It was one of those glorious warm fall days, when the weather was fine and clear, with just a hint of the coming winter. The stench of London summer had passed. Thick with rotting rubbish drifted into piles at the ends of alleyways and caught in the odd corners of ancient architecture, and things floating in the eddies of the Thames just a few streets over, the season had faded well enough to make breathing a pleasure again. Suzanne Thornton took advantage, drawing deep breath after breath, filling her lungs with air so fresh it went to her head, and for the first time in what seemed a very long while she was happy to be alive and happy to be a Londoner. She rather liked winter’s cold, and the crisp fall air pleased her to her toes.
Today she sat in the third-floor gallery of her theatre in Southwark and enjoyed the slight breeze at this height. She’d brought a folding chair so she could sit back and relax, wearing breeches, leggings, a linen shirt and quilted doublet, her legs comfortably crossed like a man. This was her casual attire, chosen for comfort and the fact that it allowed her to move unnoticed among the predominantly male theatre troupers. These days invisibility was a blessing. For her the summer of 1661 had been far too eventful for her taste, and it was a keen pleasure to have only the theatre business to concern her these days. The venture she’d begun just a few months before was flourishing, and her future appeared as bright as the shining yellow sun.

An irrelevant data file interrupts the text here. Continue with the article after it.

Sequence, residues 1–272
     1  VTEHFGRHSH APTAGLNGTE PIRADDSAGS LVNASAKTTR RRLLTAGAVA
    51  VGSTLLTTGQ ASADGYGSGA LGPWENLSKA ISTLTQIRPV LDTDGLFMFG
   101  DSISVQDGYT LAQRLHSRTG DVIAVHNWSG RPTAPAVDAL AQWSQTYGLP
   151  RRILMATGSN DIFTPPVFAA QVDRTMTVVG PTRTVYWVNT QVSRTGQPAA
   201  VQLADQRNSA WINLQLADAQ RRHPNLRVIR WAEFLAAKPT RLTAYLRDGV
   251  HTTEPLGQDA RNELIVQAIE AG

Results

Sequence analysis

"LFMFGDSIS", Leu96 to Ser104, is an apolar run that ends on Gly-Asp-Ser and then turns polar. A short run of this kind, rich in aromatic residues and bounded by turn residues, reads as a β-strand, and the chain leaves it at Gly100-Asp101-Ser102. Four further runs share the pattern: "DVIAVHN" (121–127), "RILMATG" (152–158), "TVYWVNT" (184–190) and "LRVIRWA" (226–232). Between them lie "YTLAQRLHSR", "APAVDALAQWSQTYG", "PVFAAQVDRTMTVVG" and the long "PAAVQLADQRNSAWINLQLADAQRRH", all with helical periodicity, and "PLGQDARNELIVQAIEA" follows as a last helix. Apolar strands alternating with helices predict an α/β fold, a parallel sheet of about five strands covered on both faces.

Below on the stage, a cluster of actors was rehearsing a scene from the most recent addition to the troupe’s repertoire. The New Globe Players, so named for the Elizabethan building they occupied in Southwark, were the only commons theatre with royal permission to perform Shakespeare’s plays, so long as they never deviated from the original texts. Simple enough, and far better than being limited to mummeries, tumbling, and commedia dell’arte, as was everyone else who was not one of the two troupes sponsored by the king and his brother.
Despite this fine weather, rehearsal was not going well at all; some of the actors seemed distracted, and Louis was having trouble with his lines. The role was Romeo for him this time, and he’d never played Romeo before. It didn’t seem to suit him, nor he it. Suzanne wasn’t certain she agreed with Horatio’s decision to let Louis play such a prominent character, but there seemed little alternative. Of the truly talented New Globe actors within arms reach of Romeo’s age, Matthew was just a little too long in the tooth and far too large and gruff, and Christian at barely ten not nearly old enough yet. So Suzanne had said nothing, and let the casting stand. Horatio, as he’d often said, was a friend of Hamlet and knew his Shakespeare. Surely he would know how to draw a suitable Romeo out of Louis.
But at that moment Horatio appeared ready to tear his wig from his bald head in frustration at his immature and inexperienced leading man. Everyone could sense it, and the tension added to Louis’s distraction. At some point earlier in the rehearsal Louis had begun stammering his lines and didn’t know how to stop. It was as if he’d forgotten what to say, and he was the only one who couldn’t hear his hesitation. Each time Horatio stopped him to tell him to smooth his delivery, Louis only gave him a puzzled look and returned to his stammer. Horatio stopped him again, and frustration grew. One of them was sure to go off like Scottish artillery very soon if this continued. Suzanne sat up in her chair and leaned over the rail to shout down to the stage.
The large man turned to peer up at her, his wig slightly askew. He had no hair at all beneath it for traction to keep it secured to his head, and it was ever crooked, dislodged by the motion of his wildly gesticulating arms as he advised his actors. Even when conversing normally, he couldn’t keep his arms still.